If you follow either Microsoft (NASDAQ:MSFT) or Nokia (NYSE:NOK), you've no doubt heard the two longtime partners have (finally) closed their megadeal for Nokia's devices and services unit. The deal was first announced last September and was valued at $7.2 billion at the time. However, in today's dollars, the 5.44 billion euros the two sides agreed on has jumped to over $7.5 billion.
Based on Microsoft's stock price since the deal closed last week, investors don't appear overly concerned with the cost of the acquisition. But that may change this Tuesday, when Nokia announces its 2014 Q1 earnings. Why would Microsoft fans have a vested interest in Nokia's earnings call? Turns out, not was the original deal altered to exclude some assets, rumor has it Microsoft actually paid more than the two sides initially agreed upon. How much more? That's what Microsoft fans are about to find out.
The new deal
When the deal was first announced, Microsoft said it had agreed to purchase "substantially all of Nokia's Devices & Services business, license Nokia's patents, and license and use Nokia's mapping services." There were some questions about the price tag at the time, but investors and industry pundits alike seemed to warm to the notion before long.
The acquisition is a giant step toward Microsoft's objective of diving headlong into mobile, a sentiment that new CEO Satya Nadella recently reinforced during Microsoft's April 24 fiscal Q3 2014 earnings call. And Nokia, though not flying as high as it once did in the mobile device market, remains the clear No. 2 in mobile phone sales, shipping over 250 million units last year.
From Nokia's perspective, exiting its unprofitable mobile business allows it concentrate on its industry-leading mapping technology and money-making networking division: seemingly a win-win if ever there was one. Except once the dust settles -- which in this case will be during Nokia's earnings call if the rumors are true -- it may turn out that Nokia won a little more than Microsoft after all.
When Microsoft general counsel Brad Smith shared the news the deal would close on Friday of last week, he announced a few changes. The new deal, according to Smith, would not include Nokia's South Korean facility, Microsoft agreed to manage Nokia's online presence, and fewer employees would transfer over to the new Microsoft devices and services unit.
Conspicuously absent from Smith's blog post was any mention of Nokia's Chennai manufacturing plant in India, home to about 8,000 employees and where over a dozen of Nokia's phones are built, including several of its Asha line, a popular low-cost alternative in the fast-growing emerging marketplace. As mentioned in a recent article, it was unlikely that Nokia would be able to straighten out its tax problems with the India Tax Authority in time to include Chennai in the deal, and now that's been confirmed.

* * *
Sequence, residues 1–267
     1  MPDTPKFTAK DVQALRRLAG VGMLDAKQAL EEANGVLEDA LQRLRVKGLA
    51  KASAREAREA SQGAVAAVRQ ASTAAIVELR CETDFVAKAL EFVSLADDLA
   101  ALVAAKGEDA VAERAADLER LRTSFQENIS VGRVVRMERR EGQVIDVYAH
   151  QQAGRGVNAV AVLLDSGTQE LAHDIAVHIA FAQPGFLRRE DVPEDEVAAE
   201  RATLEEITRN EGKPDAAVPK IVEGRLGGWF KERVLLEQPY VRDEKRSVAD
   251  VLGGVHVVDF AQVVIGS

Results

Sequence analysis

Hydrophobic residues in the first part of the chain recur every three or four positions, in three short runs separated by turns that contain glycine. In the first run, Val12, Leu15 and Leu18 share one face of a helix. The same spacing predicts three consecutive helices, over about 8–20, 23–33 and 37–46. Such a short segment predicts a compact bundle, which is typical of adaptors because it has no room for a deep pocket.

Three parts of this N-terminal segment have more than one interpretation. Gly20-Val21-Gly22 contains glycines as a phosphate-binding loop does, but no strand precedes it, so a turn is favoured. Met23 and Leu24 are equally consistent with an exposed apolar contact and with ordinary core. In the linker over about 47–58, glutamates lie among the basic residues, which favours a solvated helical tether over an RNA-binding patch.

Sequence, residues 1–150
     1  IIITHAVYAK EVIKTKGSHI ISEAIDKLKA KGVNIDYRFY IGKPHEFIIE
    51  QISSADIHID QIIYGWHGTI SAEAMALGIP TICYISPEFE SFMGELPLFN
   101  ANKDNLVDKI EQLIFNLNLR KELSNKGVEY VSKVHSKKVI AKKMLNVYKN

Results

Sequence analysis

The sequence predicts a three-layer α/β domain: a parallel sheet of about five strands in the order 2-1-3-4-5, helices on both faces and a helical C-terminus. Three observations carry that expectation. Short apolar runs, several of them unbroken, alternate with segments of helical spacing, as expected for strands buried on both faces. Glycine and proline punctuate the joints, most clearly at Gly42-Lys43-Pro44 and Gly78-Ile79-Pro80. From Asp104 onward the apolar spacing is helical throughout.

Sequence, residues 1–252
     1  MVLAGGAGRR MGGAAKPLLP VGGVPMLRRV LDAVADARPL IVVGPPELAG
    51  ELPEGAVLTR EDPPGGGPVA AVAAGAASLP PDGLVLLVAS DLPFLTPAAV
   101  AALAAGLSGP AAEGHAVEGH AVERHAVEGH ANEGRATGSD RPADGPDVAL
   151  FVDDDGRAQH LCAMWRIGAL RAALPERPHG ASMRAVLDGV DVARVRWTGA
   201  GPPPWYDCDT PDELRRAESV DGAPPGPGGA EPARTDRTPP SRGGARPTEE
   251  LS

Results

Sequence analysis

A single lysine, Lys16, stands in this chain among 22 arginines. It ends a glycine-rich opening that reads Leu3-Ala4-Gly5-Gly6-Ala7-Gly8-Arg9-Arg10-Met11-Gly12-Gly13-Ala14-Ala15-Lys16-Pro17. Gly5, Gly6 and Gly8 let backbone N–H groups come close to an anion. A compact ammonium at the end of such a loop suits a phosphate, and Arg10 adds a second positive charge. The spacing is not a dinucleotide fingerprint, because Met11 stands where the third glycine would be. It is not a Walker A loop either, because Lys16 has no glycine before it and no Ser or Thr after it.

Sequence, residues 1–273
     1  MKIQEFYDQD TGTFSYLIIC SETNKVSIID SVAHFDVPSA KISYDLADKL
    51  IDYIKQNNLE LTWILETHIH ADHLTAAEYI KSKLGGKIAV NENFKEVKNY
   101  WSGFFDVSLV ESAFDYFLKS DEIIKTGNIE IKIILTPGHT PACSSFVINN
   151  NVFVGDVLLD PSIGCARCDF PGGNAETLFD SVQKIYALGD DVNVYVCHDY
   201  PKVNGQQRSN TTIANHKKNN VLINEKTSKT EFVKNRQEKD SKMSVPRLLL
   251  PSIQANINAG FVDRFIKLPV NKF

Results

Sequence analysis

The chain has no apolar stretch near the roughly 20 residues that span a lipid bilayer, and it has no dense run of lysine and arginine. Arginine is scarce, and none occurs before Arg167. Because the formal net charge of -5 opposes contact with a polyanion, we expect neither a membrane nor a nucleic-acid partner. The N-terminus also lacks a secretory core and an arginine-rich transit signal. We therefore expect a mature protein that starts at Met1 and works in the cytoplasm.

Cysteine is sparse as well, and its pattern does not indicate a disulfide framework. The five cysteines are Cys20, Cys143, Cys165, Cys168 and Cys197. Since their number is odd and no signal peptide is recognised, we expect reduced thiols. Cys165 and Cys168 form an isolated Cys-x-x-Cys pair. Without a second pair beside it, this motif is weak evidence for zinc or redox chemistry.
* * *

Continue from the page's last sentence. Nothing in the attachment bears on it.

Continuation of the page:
As Smith alluded to in his original post, deals of this magnitude are subject to "adjustments," so it shouldn't come as a surprise that fewer Nokia employees are making the switch to Microsoft, and that there will be one or two fewer manufacturing plants than originally planned.
What is surprising, if the rumors are true, is not only did Microsoft receive fewer assets in the deal than initially agreed upon, but it also paid more. Paying more and getting less seems counterintuitive, to say the least. And that's where Nokia's pending earnings announcement on April 29 comes into play. According to Nokia, it will reveal more details during its Q1 call, and Microsoft bulls and bears alike would be wise to listen in.
Final Foolish thoughts
In the long term, regardless of how much Microsoft ended up shelling out for Nokia's devices and services unit, the deal should jump-start Nadella's mobile plans. But in the near term, if it turns out Microsoft wrote a significantly larger check than originally agreed upon, for fewer assets, don't be surprised to see its stock price take a hit. Which way will Microsoft go? That depends on Nokia.
Tim Brugger has no position in any stocks mentioned. The Motley Fool recommends Amazon.com and owns shares of Amazon.com and Microsoft. Try any of our Foolish newsletter services free for 30 days. We Fools don't all hold the same opinions, but we all believe that considering a diverse range of insights makes us better investors. The Motley Fool has a disclosure policy.